COLOR: If a tone is being colored it means it is being changed from its original form into something different. If something “colors your tone” it can be either a positive or negative trait, mostly dependent on what it’s referring to. When discussing something like a guitar cable or other object that shouldn’t change the tone of your guitar, it’s usually negative.

DARK and BRIGHT: Darker guitar tones will have less high end and more bass and mid, bright guitar tones will have more high end, presence, and sometimes clarity.

DIRTY: A tone containing some amount of distortion.

DIGITAL: A negative term used to describe the cold, muddy, and harsh guitar tones of the early digital emulations of guitar amps such as the original POD. If someone calls a tone “digital sounding,” it’s usually negative.

DRY: With no effects on it, the purest form of the guitar tone. This can be a clean tone or a distorted tone (with or without a boost pedal), but it does not have any modulation or time-based effects on it.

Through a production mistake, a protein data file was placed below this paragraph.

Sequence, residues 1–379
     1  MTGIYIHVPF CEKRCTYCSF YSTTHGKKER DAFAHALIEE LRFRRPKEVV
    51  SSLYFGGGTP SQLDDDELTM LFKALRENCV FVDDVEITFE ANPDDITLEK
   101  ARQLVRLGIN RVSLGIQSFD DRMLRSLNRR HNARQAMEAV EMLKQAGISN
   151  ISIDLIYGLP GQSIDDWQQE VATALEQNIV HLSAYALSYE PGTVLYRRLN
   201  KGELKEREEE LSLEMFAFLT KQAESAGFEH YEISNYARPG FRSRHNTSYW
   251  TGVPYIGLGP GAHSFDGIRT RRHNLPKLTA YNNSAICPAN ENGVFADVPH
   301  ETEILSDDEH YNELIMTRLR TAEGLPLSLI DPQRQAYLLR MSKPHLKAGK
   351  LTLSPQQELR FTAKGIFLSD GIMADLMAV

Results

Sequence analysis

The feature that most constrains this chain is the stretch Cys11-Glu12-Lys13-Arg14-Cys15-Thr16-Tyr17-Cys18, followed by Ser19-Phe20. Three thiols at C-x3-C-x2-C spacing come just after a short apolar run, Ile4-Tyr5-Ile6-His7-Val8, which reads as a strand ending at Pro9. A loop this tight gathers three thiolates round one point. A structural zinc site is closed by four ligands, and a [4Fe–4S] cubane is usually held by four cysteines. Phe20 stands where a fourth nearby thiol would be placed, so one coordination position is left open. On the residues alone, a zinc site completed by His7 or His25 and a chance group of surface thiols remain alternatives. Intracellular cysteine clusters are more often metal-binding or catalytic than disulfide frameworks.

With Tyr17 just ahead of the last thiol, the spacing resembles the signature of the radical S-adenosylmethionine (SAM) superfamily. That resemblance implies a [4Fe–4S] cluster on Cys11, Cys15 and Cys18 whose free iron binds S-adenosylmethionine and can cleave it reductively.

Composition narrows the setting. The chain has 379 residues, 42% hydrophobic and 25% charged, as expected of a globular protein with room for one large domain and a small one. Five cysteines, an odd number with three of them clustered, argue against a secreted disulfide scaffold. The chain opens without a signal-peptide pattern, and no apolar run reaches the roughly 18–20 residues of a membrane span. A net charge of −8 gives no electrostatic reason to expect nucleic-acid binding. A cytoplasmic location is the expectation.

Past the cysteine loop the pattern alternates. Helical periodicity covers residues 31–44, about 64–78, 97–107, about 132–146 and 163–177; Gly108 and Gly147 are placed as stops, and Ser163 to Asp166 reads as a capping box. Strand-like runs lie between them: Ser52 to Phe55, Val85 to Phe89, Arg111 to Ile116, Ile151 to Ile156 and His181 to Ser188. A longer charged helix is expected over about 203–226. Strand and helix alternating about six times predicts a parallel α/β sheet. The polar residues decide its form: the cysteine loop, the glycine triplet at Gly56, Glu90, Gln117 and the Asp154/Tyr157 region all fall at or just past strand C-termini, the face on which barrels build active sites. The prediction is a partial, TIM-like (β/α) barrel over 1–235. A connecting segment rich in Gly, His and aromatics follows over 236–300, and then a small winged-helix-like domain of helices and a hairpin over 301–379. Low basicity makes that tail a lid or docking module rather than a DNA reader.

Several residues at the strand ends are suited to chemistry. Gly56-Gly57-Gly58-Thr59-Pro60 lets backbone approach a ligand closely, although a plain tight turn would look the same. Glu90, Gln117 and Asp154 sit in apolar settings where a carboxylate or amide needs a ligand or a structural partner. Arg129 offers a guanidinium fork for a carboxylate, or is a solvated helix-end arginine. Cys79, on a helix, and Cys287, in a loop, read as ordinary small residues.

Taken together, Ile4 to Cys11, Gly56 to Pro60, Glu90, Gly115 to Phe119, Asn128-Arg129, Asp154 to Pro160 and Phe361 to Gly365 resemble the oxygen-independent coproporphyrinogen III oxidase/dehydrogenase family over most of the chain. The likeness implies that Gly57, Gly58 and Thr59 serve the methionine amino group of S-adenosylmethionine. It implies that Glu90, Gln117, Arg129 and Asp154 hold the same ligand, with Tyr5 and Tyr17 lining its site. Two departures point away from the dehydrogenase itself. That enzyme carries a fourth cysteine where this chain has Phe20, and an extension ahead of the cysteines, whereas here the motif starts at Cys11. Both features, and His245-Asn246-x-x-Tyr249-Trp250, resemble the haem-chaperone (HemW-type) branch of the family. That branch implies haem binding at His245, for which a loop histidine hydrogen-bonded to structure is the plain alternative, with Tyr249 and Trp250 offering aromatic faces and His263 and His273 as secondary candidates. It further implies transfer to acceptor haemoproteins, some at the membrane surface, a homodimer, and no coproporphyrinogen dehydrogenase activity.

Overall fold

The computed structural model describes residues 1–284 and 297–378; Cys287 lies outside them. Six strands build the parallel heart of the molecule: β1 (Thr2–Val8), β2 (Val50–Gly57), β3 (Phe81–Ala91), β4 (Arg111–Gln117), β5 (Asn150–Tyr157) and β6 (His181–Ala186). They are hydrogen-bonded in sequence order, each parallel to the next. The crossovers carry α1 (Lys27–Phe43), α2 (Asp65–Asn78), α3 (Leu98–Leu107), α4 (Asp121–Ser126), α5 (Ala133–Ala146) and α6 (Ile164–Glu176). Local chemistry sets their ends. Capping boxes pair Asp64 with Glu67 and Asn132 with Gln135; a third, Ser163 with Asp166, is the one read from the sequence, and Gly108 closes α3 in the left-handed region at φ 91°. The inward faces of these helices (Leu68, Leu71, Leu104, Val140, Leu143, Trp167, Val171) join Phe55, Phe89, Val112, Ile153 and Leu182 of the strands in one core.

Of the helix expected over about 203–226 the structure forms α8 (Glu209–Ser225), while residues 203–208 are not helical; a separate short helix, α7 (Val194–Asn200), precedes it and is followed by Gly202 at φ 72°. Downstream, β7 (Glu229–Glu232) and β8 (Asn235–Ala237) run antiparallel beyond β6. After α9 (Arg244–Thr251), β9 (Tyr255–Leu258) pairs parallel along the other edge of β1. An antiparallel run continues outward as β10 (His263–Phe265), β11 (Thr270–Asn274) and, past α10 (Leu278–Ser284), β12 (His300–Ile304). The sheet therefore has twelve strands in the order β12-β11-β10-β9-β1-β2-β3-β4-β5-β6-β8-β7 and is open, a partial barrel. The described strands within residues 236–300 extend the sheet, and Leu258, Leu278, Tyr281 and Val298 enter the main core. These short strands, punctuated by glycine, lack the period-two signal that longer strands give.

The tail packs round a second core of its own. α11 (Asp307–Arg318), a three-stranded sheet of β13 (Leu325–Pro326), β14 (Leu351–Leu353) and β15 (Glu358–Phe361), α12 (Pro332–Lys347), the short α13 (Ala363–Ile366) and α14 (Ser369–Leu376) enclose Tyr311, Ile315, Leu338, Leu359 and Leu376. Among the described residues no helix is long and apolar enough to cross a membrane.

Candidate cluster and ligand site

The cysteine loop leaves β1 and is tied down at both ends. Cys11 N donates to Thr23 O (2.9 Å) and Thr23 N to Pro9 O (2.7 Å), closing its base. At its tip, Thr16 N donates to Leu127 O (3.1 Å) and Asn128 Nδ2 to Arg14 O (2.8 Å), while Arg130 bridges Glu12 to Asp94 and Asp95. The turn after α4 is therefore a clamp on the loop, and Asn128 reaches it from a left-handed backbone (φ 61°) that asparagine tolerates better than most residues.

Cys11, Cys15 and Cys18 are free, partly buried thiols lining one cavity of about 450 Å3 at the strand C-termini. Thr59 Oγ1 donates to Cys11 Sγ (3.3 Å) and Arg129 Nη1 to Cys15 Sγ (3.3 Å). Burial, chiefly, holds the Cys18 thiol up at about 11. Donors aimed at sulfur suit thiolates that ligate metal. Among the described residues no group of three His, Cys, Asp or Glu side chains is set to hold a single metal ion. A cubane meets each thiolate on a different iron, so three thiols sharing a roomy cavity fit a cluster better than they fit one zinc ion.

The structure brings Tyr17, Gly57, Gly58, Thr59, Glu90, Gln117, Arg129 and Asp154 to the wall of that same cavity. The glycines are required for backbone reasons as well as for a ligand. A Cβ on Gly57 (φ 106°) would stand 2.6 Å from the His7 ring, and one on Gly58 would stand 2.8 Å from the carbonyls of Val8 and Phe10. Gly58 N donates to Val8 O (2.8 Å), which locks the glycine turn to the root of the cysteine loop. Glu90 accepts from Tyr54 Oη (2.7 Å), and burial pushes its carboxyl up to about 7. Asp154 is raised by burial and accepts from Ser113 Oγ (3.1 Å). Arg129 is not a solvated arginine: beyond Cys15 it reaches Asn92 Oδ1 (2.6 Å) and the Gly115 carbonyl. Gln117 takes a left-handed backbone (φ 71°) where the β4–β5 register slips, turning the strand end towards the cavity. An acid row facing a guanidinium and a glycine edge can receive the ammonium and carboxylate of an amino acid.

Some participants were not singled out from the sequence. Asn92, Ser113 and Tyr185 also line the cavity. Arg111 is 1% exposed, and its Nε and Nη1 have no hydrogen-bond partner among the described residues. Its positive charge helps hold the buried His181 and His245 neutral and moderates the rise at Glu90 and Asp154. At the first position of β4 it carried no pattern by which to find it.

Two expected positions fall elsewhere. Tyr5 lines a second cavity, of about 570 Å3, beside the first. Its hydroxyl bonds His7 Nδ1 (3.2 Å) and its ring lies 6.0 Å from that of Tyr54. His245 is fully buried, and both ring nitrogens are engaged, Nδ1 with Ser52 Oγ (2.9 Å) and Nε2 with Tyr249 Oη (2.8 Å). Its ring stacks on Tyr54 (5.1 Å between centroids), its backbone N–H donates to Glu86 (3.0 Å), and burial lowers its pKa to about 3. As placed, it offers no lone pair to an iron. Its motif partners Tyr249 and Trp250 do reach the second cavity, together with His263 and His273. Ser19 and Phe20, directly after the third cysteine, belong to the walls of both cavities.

DJENT: An onomatopoeia coined by Fredrik Thordendal of Meshuggah in reference to the sound of an extended power chord used heavily in their music at the time. A very abrasive, metallic, tight palm muted chord. A “djenty” tone will be a distorted tone containing a sufficient amount of upper-midrange frequencies.

DYNAMIC: Allowing for variations in volume. Heavily distorted guitar tones typically remove a lot of dynamics due to their natural compression, bringing the lower volume notes and higher volume notes closer together.

HARSH: Difficult to listen to, hard on the ears. Often the result of having too many treble frequencies.

HONKY: Very nasally, typically from a buildup of midrange frequencies.

MIDS/MIDRANGE: The middle frequencies of a guitar tone, this area typically defines how “forward” and “honky” a tone is.

MUDDY: Without any clarity or definition, sludgy, resulting from a buildup of frequencies in the bass or lower-midrange.

PUNCH: Describing the impact of the bass and/or lower-midrange frequencies in certain guitar tones. Punchier tones feel dynamic, whereas a tone that isn’t punchy feels flat and less powerful.